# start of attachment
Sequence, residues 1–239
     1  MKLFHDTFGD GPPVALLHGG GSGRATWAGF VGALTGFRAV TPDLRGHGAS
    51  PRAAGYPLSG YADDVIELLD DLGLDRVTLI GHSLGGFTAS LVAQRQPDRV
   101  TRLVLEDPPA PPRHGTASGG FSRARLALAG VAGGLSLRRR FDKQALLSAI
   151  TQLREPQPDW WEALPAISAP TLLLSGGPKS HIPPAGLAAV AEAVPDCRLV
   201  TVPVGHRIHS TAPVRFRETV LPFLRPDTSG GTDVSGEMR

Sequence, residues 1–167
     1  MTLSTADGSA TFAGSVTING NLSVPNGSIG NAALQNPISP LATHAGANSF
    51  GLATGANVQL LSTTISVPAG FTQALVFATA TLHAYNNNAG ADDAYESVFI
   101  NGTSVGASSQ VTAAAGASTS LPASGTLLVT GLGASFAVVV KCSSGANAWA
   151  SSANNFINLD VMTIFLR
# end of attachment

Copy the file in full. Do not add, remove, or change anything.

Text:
Sequence, residues 1–239
     1  MKLFHDTFGD GPPVALLHGG GSGRATWAGF VGALTGFRAV TPDLRGHGAS
    51  PRAAGYPLSG YADDVIELLD DLGLDRVTLI GHSLGGFTAS LVAQRQPDRV
   101  TRLVLEDPPA PPRHGTASGG FSRARLALAG VAGGLSLRRR FDKQALLSAI
   151  TQLREPQPDW WEALPAISAP TLLLSGGPKS HIPPAGLAAV AEAVPDCRLV
   201  TVPVGHRIHS TAPVRFRETV LPFLRPDTSG GTDVSGEMR

Sequence, residues 1–167
     1  MTLSTADGSA TFAGSVTING NLSVPNGSIG NAALQNPISP LATHAGANSF
    51  GLATGANVQL LSTTISVPAG FTQALVFATA TLHAYNNNAG ADDAYESVFI
   101  NGTSVGASSQ VTAAAGASTS LPASGTLLVT GLGASFAVVV KCSSGANAWA
   151  SSANNFINLD VMTIFLR